Interior fit outs offer long term value in retail properties

  • 20 Mar 2014

A BCO (British Council for Offices) and Savills report was commissioned to look at What Workers Want from their office workplace. It identified and ranked the top non-locational features that make up the ideal workplace, which included occupant comfort, temperature, general noise levels and the quality of the fit-out. The report highlighted that the relationship between office fit-out, employee comfort and staff productivity are easy wins for both occupiers and landlords

Ceilings installed on a module design will make it easier to install partitioning and to manage acoustics

The change in the working environment to cater for open plan spaces, flexible working and new technology through to team working are just a few examples of factors that need consideration in a commercial office space which have impacted on noise levels in recent years. Occupant comfort, particularly acoustics, is becoming more important in the design and performance of offices. Productivity of staff
is directly affected if this issue is not considered at early design stage.
Particularly in commercial office projects it is important to consider occupant comfort through acoustics and temperature.
Sound attenuation performance for partitioning is measured by the level of sound passing through the system and must be considered in relation to surrounding elements. Sound can escape from ceiling and floor voids, gaps around partitions, ductwork, column claddings, partial and full penetrations and blind boxes.
Quality of installation and integration with other building elements has the greatest affect on acoustic performance of the partitioning system. The specification of ceiling and acoustic infill will affect room-to-room attenuation levels. Ceilings installed on a module design will make it easier to install partitioning and to manage acoustics. At Brent Civic Centre for example, acoustic attenuators were installed in the partitioning system to manage acoustics and enable natural ventilation through partitioning.

In the BCO’s guide to specification it states that “good quality, modular perforated metal ceilings are preferred.” Metal ceiling solutions provide building tenants with value, offering a high quality, long lasting sustainable finish. They offer an inert and inherently hardwearing surface, making metal ceiling systems both hygienic and requiring little ongoing maintenance. They allow for service integration and accessibility for ongoing maintenance and cleaning. Acoustic demands in interiors can be met through the specification of the correct combination of perforations and acoustic pads in metal ceiling systems. 
Working with a manufacturer at design stage can ensure a high performing product is also design-led. At a recent project in London, SAS International designed and manufactured acoustic ceilings and partitioning. In addition, the open plan offices have been subdivided using full height glass screens, improving privacy between departments while still allowing natural light to flow through.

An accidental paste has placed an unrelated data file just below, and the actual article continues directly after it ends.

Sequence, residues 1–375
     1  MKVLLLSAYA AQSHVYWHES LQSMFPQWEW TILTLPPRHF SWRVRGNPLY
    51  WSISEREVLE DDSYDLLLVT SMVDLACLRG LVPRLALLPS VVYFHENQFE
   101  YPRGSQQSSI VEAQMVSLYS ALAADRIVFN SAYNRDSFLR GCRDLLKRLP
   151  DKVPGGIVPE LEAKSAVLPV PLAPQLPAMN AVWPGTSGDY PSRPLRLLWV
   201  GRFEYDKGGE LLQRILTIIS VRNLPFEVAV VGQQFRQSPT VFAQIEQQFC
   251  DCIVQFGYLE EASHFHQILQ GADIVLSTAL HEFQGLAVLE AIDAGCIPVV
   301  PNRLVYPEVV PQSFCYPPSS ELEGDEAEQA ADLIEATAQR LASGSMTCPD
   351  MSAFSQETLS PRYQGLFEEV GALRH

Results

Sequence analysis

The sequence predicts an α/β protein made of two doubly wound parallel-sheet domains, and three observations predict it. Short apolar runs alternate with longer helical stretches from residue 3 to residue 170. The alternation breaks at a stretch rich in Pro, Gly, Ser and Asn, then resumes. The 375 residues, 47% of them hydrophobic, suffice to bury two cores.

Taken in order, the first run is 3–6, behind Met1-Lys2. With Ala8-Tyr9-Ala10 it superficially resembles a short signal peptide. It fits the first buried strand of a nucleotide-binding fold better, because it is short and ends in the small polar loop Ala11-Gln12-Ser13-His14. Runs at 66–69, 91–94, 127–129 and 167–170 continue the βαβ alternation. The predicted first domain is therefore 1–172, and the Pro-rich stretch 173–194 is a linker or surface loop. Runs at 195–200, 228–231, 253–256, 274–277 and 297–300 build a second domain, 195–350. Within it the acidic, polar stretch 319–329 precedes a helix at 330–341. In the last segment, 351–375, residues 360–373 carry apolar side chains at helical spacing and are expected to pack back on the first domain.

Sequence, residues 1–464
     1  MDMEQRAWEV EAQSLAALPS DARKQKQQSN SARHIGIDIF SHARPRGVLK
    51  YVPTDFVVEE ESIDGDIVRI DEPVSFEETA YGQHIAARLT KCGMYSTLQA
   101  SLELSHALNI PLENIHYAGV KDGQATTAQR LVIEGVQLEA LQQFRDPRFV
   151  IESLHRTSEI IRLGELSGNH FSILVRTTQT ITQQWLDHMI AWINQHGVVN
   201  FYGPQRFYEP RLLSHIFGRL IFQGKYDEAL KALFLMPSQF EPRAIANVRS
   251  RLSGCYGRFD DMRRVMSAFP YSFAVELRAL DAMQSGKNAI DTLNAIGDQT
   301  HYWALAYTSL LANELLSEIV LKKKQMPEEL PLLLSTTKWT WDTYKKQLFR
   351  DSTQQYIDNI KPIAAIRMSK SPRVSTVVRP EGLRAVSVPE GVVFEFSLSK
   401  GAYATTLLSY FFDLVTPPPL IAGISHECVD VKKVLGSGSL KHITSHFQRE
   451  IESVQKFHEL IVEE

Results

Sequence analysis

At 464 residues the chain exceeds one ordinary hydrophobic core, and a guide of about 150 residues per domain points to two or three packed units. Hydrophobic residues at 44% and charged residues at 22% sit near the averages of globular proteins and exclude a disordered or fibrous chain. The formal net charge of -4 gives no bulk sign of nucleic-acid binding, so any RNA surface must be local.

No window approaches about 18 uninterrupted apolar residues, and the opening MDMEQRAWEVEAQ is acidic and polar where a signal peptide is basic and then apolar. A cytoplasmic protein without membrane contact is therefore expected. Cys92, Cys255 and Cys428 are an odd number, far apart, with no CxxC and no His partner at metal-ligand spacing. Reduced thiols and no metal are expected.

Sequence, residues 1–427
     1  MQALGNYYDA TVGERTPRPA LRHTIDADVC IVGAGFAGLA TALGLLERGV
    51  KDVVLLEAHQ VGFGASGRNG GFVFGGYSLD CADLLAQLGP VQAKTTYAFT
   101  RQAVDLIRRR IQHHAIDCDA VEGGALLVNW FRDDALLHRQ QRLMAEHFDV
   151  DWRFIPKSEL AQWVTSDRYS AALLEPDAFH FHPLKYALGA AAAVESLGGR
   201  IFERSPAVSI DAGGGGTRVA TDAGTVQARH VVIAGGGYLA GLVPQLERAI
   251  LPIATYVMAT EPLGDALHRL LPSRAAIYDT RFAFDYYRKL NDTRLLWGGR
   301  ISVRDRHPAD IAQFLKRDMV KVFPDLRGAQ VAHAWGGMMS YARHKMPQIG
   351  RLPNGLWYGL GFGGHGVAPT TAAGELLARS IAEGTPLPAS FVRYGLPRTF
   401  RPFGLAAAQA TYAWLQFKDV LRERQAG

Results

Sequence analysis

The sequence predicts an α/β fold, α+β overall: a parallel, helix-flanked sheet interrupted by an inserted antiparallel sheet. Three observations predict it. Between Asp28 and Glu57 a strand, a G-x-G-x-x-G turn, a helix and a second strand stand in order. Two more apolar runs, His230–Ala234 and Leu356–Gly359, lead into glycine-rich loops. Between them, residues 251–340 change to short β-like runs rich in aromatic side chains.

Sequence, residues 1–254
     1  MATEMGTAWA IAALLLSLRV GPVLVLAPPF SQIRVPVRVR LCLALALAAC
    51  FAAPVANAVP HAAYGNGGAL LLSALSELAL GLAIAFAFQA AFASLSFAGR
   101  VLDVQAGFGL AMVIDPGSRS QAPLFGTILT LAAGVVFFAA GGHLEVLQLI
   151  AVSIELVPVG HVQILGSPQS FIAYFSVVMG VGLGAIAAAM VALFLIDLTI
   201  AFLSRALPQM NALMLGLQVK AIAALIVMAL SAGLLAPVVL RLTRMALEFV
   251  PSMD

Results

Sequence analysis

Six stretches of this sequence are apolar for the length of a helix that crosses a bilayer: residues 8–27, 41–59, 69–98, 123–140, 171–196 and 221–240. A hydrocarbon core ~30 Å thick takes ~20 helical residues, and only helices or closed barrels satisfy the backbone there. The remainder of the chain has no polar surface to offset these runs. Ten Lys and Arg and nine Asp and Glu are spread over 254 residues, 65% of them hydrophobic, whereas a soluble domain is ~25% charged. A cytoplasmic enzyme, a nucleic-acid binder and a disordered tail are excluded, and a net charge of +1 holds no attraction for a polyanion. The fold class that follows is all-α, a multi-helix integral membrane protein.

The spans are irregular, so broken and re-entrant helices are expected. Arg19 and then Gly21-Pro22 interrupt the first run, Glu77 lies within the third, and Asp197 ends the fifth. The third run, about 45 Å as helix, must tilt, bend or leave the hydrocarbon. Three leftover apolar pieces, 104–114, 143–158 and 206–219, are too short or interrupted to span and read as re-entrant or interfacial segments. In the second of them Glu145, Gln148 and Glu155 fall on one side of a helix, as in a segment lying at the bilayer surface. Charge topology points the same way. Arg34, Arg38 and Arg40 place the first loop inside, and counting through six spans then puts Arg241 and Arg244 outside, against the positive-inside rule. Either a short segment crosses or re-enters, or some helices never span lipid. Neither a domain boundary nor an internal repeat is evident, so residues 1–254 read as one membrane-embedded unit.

It is also crucial to consider the performance of integrating doors. Frameless or sliding doors may meet design intent, however, they can reduce acoustic performance. Installing a glass door drop seal on a glass partitioning door can also increase dB.

The interior of a shopping centre needs to provide long-term value to attract new tenants and keep customers returning

By working with an integrated interior products manufacturer, clients and specifiers are able to meet occupant comfort demands by combining interior fit-out solutions to best enhance the environment, helping to improve staff motivation and productivity while providing long-term value.

The interior of a shopping centre also needs to provide long-term value to attract new tenants and keep customers returning. Here, durability of the interior must be balanced with aesthetics.
In the award winning One New Change, bespoke metal ceiling panels were produced with an expanded metal mesh finished in silver, red and black.
SAS International worked with the architect at very early stage of the project to respond to specific requirements for the arcade ceiling design.
Working with lighting consultant Speirs and Major, Sidell Gibson Architects developed the maximum perforation percentage for the tiles required to achieve the specified lighting level. The expanded metal mesh also contributed to achieving the acoustic performance specified.
In retail centres, open cell metal panels are often specified for ceilings as they allow for fire detection and control systems in these large, open spaces. Air conditioning and other services can also be located within the ceiling void.  In this project, the mesh fulfils the same requirements for handling fire and smoke, and allows the luminaires to diffuse light through the ceiling to create a softer luminance.

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